He became sin, for his steadfast love endures forever.

He was forsaken by the Father, for his steadfast love endures forever.

The veil of the temple was torn, for his steadfast love endures forever.

He cried, “It is finished!”, for his steadfast love endures forever.

He died, for his steadfast love endures forever.

Death has been rendered defeated, for his steadfast love endures forever.

He was buried, for his steadfast love endures forever.

The stone rolled away, for his steadfast love endures forever.

The Word emerged from the grave alive, for his steadfast love endures forever.

He let Thomas see the scars, for his steadfast love endures forever.

He forgave Peter three times, for his steadfast love endures forever.

He gave the great commission, “Go make disciples of all nations”, for his steadfast love endures forever.

He ascended into heaven and sent the Holy Spirit, for his steadfast love endures forever.

He will come again, for his steadfast love endures forever.

Who shall separate us from the love of Christ, for his steadfast love endures forever.

The Extravagant Grace of God

Ephesians 1:7-8 says “In him, we have redemption through his blood, the forgiveness of our trespasses, according to the riches of his grace, which he lavished upon us…”

Ephesians 1 is one of my favorite passages in Scripture and it is often overlooked because of a few controversial words within it. But all controversies aside, I don’t want to take Ephesians 1 out of the Bible. For those who believe the Gospel, God lavishes grace upon them. I love the word “lavished.” Extravagant. Overflowing. Immeasurable.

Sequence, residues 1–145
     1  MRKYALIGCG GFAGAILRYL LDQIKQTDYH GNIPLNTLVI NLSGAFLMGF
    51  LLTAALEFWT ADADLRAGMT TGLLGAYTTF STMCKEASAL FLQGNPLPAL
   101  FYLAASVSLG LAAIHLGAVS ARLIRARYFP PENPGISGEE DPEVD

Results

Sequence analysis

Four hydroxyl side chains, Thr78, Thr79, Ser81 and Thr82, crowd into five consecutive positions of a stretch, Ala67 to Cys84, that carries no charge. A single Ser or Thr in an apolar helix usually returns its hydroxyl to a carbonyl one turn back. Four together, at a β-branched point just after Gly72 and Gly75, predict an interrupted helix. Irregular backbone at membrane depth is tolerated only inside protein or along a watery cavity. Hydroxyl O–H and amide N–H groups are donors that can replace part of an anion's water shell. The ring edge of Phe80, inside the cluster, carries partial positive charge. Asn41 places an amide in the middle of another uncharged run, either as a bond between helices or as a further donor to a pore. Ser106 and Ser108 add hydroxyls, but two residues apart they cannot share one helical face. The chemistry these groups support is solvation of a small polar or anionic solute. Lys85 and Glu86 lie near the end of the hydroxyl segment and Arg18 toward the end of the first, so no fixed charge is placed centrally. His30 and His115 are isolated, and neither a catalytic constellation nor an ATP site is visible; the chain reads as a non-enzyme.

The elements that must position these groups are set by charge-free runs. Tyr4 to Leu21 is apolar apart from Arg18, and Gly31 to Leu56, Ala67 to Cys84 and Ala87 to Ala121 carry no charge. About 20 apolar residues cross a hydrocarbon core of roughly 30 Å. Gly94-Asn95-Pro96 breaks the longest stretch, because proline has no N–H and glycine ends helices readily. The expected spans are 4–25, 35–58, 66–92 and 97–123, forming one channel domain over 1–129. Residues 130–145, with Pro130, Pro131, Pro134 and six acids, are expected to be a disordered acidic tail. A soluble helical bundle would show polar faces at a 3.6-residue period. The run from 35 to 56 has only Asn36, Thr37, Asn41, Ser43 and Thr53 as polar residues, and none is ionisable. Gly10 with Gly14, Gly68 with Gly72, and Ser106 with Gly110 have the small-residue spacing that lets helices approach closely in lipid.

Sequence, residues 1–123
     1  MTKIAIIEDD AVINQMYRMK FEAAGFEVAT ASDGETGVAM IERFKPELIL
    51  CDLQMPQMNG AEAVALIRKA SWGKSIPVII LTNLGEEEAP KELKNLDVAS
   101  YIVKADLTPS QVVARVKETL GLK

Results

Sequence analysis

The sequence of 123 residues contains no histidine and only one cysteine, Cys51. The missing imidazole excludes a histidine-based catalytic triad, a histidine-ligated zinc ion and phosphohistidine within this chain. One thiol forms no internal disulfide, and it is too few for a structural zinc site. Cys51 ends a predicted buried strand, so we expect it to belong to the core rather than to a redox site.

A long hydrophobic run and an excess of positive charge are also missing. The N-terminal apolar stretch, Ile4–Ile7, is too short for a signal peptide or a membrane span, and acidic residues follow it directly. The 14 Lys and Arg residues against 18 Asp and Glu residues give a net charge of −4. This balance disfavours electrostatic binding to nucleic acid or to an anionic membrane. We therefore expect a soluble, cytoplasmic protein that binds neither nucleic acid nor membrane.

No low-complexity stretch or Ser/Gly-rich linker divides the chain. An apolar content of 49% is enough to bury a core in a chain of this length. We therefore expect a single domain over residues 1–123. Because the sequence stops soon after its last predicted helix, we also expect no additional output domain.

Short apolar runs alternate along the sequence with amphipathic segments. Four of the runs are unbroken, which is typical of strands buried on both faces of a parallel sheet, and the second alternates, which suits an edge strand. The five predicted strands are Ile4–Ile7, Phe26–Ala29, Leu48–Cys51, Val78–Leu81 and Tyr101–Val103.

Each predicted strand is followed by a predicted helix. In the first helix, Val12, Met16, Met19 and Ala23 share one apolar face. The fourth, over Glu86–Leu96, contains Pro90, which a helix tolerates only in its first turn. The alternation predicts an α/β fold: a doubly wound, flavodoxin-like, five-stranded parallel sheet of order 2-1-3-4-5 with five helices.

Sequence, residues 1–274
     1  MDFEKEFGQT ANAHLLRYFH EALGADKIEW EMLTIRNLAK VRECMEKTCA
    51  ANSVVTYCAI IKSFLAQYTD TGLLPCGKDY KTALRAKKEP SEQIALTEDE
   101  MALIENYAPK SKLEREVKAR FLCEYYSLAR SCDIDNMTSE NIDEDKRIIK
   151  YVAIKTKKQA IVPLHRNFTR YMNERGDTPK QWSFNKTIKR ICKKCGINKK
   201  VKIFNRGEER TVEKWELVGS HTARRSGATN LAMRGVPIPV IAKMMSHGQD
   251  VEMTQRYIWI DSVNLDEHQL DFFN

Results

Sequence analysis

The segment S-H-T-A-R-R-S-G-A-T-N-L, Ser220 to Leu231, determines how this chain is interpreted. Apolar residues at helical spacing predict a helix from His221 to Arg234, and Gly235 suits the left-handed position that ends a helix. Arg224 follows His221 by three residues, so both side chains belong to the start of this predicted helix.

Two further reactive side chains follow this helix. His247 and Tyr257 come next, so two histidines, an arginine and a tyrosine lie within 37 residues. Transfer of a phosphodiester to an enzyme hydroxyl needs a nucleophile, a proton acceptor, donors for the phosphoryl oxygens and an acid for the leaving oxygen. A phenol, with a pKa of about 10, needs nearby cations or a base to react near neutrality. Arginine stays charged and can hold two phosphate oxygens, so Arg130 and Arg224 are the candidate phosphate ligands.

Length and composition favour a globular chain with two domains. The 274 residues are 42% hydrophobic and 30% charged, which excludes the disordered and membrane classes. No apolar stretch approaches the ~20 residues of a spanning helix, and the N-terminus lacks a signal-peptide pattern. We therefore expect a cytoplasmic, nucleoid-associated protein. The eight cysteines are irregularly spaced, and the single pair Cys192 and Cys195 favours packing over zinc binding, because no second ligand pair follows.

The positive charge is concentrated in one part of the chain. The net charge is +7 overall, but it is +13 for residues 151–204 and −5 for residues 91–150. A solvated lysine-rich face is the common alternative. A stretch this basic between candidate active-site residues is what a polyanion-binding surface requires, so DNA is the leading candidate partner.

This passage cannot be applied to those who are not believers. Those who do not believe the Gospel are still under the wrath of God (see Romans 1-2). At the cross, Jesus endured the wrath of God for all who would ever come to faith in him. If you are a believer in Christ, do you realize what this means? There is no more wrath! It has all been poured out upon Christ!

This is great news because you don’t have to feel guilty when you slip into sin. Christians will still fall from time to time. We are being conformed into the image of Jesus, but we aren’t there yet. We seek to flee sin because we love Jesus. In loving him, we are drawn to obedience. But we don’t have to feel condemned when we do fall. In fact, even after our salvation, God continues to lavish this extravagant grace upon us. He pours an overflowing cup of it out upon us and delights in doing it!

So when you slip and fall into sin, get up and keep running the race that is set before you, looking to Jesus, the author and finisher of our faith.